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This week’s New York Business Divorce takes a look at the common-law history leading to the enactment of BCL 713 regulating self-interested transactions by corporate directors, along with illustrative synopses of cases applying the statute.
Continue Reading Enforcing the Guardrails on Transactions Involving Interested Directors of Close Corporations

Welcome to this year’s Winter Case Notes where, amidst the arctic blast currently sweeping most of the nation, I offer shortish takes on several court decisions in recent business divorce cases.

This year’s edition features notable decisions by New York courts stemming from cases with, shall we say, not your typical fact patterns:

  • Affirming the lower court’s post-trial verdict rejecting a shareholder’s claim to enforce an alleged agreement requiring the defendant shareholder, following the plaintiff’s acquittal on murder charges, to transfer back to the plaintiff shares he sold to the plaintiff in the course of the plaintiff’s lengthy criminal proceedings;
  • Without deciding whether the death — accidental in this case — of an LLC member qualifies as a withdrawal for purposes of LLC Law § 509’s buyout provision, ordering the surviving member to turn over books and records to the estate representative but only through the date of death; and
  • Denying interim injunctive relief restoring a minority shareholder to his former management position in a group of auto dealerships upon the court’s finding that the plaintiff failed to establish a likelihood of success on his claims of minority shareholder oppression and that the governing agreements were never effective.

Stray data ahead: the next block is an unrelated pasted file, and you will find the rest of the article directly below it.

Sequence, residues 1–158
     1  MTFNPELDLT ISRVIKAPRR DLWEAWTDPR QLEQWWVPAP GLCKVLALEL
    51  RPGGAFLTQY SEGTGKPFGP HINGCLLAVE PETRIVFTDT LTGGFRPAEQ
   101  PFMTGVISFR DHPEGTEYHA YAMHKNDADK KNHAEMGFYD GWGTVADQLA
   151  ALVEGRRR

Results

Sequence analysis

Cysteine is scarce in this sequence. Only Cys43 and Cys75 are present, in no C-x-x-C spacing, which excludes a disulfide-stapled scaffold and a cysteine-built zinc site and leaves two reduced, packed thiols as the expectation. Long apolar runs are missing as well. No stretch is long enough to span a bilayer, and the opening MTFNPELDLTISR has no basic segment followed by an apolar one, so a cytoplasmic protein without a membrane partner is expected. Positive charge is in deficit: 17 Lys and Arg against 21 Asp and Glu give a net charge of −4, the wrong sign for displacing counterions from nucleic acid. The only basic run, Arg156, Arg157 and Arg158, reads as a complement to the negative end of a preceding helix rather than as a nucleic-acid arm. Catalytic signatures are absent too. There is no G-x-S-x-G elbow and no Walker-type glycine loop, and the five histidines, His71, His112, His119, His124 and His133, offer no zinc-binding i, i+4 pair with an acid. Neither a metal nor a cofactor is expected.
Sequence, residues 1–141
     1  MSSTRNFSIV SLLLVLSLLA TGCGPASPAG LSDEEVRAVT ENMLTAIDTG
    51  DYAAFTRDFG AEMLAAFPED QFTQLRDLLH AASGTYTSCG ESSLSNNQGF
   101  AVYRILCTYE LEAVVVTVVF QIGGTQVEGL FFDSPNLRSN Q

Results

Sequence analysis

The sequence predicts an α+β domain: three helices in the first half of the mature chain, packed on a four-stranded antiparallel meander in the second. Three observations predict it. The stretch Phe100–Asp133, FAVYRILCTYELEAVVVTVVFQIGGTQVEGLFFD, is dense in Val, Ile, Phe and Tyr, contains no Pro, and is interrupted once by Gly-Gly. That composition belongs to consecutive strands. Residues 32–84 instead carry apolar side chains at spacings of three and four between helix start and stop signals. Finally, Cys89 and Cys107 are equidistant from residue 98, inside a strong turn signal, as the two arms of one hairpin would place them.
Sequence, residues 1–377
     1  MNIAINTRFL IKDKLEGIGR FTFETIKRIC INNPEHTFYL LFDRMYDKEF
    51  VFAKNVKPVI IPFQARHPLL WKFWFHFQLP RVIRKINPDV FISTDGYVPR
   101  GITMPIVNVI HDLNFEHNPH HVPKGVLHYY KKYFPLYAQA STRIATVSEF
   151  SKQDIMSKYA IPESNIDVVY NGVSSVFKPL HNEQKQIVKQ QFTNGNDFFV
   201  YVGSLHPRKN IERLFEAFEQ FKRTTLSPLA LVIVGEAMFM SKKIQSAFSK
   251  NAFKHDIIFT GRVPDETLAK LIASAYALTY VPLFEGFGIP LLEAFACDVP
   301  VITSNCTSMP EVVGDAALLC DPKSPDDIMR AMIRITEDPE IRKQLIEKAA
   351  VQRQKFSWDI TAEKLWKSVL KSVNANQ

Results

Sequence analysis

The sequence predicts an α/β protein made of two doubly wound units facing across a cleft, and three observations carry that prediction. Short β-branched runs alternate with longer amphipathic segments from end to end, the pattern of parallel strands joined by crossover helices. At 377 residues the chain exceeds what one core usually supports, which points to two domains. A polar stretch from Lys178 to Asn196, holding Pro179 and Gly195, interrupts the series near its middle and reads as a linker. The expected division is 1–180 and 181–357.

Continue Reading Winter Case Notes: Murder, Forgery, Accidental Death, Oppression, Oh My!

This week’s New York Business Divorce presents a retrospective assessment of the state of New York law concerning LLC business divorce, including summaries of the most significant court decisions, adapted from a recent presentation at the Eileen Bransten Institute on Complex Commercial Litigation.
Continue Reading New York LLC Caselaw’s Greatest Hits

This week’s New York Business Divorce looks at the courts’ powers to order equitable remedies short of dissolution in judicial dissolution cases involving LLCs, featuring a highly unusual case from Mississippi.
Continue Reading The Magnolia State Wins the Prize for Novel Alternative Remedies in LLC Dissolution Cases

This week’s New York Business Divorce revisits the Eastland Food v Mekhaya case, focusing on last month’s Maryland Supreme Court’s split decision on whether the minority shareholder has a direct claim for breach of fiduciary duty based on alleged disguised distributions taken by the controlling shareholders.
Continue Reading Eastland Redux: Do Close Corporation Shareholders Have a Direct Claim Against Directors For Taking Disguised Distributions?

If an oppressed, frozen-out minority shareholder is going to sue for judicial dissolution, chances are they’re going to do it within the applicable six-year statute of limitations. This week’s New York Business Divorce examines a recent decision where the shareholder claiming oppression waited at least 10 years to sue.
Continue Reading When Is It Too Late to Sue for Shareholder Oppression?